Over the past decade, the accounting profession has experienced a digital transformation as a result of the increased utilization of information and communication technologies (ICT). The profession has also seen rapid proliferation across its functional areas in the use of technologies such as robotic process automation and artificial intelligence. Communication has become instantaneous, giving rise to global accounting and finance teams that can collaborate with minimal impediments. Recently, many accountants found themselves working in a virtual environment, some for the first time, because of the coronavirus (COVID-19) pandemic.

Collaborative software and computer networks allow CPAs to work from virtually anywhere while easily sharing information with team members and clients in real time. However, recent technological developments such as blockchain, big data, cryptocurrency, data analysis, artificial intelligence, and robotic process automation may also create increased stress levels. Today’s accountants must not only possess the traditional skills of interpreting financial information and applying professional principles as well as a wide range of technological and analytical skills. In the AICPA Pre-certification Core Competency Framework, the AICPA emphasizes the importance of utilizing relevant technology as an accounting competency. This includes the ability to analyze data, to collaborate and work productively in a variety of roles, and to effectively deliver information in multiple formats suited for the intended audience (AICPA, 2018, https://bit.ly/3XheptC).

A high-stress environment and high employee turnover rate have characterized the profession for decades. Increased levels of job-related stress have been observed through a multitude of factors, including a market shortage of entry level and experienced staff, increased compliance and reporting requirements resulting from the Sarbanes-Oxley Act, and lingering public concern over financial scandals (Kenneth J. Smith, David J. Emerson, and George S. Everly, Jr., “Stress Arousal and Burnout as Mediators of Role Stress in Public Accounting,” Advances in Accounting Behavioral Research, vol. 20, pp. 79–116, 2017). CPAs may find themselves struggling to maintain firm performance standards due to insufficient time, which may lead to excessive expenditures of emotional energy and strains on personal time. Excessive stress levels can have negative effects on firm efficiency and overall productivity; furthermore, prolonged levels of excessive stress can lead to reduced team member performance and personal health issues. Exposure to inordinate stress levels may also lead to job burnout among individuals who are not psychologically prepared to deal with the accompanying pressures.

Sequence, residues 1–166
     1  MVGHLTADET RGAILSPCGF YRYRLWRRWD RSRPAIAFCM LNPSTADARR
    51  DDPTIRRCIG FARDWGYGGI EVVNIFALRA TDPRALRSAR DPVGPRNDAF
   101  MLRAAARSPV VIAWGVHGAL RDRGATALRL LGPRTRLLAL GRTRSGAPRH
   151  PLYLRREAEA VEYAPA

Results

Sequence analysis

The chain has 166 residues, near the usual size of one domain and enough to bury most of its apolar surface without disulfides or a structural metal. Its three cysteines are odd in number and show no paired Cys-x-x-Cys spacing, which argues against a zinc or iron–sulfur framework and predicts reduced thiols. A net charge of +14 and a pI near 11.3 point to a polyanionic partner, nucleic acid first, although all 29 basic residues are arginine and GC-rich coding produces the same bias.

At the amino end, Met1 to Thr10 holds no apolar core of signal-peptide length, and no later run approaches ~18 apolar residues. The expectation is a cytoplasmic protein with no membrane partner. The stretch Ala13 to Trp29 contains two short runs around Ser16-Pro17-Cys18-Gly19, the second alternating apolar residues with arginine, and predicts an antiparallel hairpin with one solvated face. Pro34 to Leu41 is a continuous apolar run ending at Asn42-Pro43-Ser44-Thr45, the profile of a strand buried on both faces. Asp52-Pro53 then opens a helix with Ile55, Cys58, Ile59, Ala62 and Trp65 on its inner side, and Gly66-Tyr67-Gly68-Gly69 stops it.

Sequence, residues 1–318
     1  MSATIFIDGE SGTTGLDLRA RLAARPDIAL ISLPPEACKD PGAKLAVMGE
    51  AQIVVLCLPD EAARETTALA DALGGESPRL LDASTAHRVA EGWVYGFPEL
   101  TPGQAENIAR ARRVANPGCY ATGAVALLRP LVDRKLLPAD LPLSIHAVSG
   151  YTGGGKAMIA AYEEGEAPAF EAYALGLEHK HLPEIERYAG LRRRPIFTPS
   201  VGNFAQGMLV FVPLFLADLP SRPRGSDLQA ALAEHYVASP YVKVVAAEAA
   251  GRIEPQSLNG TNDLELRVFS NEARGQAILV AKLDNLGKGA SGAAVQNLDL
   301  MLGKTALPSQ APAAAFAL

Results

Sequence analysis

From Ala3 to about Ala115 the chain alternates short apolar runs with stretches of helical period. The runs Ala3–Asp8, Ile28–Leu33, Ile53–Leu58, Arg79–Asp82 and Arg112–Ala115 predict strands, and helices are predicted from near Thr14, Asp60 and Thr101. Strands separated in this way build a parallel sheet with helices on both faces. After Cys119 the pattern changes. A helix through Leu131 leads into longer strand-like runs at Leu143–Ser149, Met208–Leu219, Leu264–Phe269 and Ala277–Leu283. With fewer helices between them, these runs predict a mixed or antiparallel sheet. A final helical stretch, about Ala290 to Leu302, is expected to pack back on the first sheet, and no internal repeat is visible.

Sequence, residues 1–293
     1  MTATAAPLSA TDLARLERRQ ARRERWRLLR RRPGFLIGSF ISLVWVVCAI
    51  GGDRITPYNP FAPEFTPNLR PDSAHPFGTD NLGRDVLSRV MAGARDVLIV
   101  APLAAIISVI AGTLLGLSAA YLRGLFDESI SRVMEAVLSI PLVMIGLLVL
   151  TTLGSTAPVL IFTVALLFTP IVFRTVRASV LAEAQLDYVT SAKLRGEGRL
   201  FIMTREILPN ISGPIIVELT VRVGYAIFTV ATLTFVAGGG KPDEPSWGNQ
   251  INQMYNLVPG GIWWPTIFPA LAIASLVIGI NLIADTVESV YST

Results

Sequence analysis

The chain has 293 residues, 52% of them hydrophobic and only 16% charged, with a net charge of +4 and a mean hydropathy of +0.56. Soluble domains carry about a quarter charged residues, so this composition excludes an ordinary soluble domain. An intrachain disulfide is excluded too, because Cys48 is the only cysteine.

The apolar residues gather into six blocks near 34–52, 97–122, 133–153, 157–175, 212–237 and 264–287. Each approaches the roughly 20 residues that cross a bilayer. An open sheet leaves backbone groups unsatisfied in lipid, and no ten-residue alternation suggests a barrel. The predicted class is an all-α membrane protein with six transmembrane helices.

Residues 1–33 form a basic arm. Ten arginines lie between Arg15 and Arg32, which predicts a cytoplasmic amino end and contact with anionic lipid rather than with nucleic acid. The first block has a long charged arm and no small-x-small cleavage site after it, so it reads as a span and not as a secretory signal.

Career-oriented accountants and financial professionals are increasingly finding themselves augmenting time spent at the office with work completed at home, made possible by various ICTs. Although increased connectivity may be a benefit to some, others can struggle with added stress in the form of work-family conflict and the blending of professional and personal confines. Cloud computing, cellular devices, laptops, and other mobile devices are mixing such boundaries by providing increased access. With a multitude of communication applications today, teams within the same firm may employ various apps to communicate. This can eventually lead to a breakdown in communication where team members do not know which information to find where, resulting in decreased productivity and efficiency (S.D. Parsley and M.R. Wieck, “Technology: Leading Virtual Accounting Teams,” The Kentucky CPA Journal, Oct. 26, 2020).

The Meaning of Technostress

The concept of technostress originated within the field of clinical psychology in the early 1980s during the personal computer revolution. Psychologist Craig Brod defined technostress as a modern disease resulting from an individual’s inability to deal or cope with information technology in a healthy manner (Craig Brod, Technostress: The Human Cost of Computer Revolution, Addison-Wesley, 1984). Many of the same technological advances that have made accountants’ lives easier have also created added stressors, resulting in a paradox. CPAs may find themselves feeling constantly connected, a compulsory feeling of never being fully disengaged from professional obligations. Expectations may arise, whether real or otherwise, in which professionals feel forced to respond to work inquiries in real time, resulting in perpetual multitasking. Analytical thinking and firm innovation may suffer as a result.

Although increased connectivity may be a benefit to some, others can struggle with added stress in the form of work-family conflict and the blending of professional and personal confines.

Exhibit 1 illustrates a conceptual model of how technostress could manifest and the resulting adverse outcomes. Considering the importance of human capital, firm leaders should focus on reducing technostress levels.

Exhibit 1

Conceptual Model of Technostress and Mitigations to Adverse Outcomes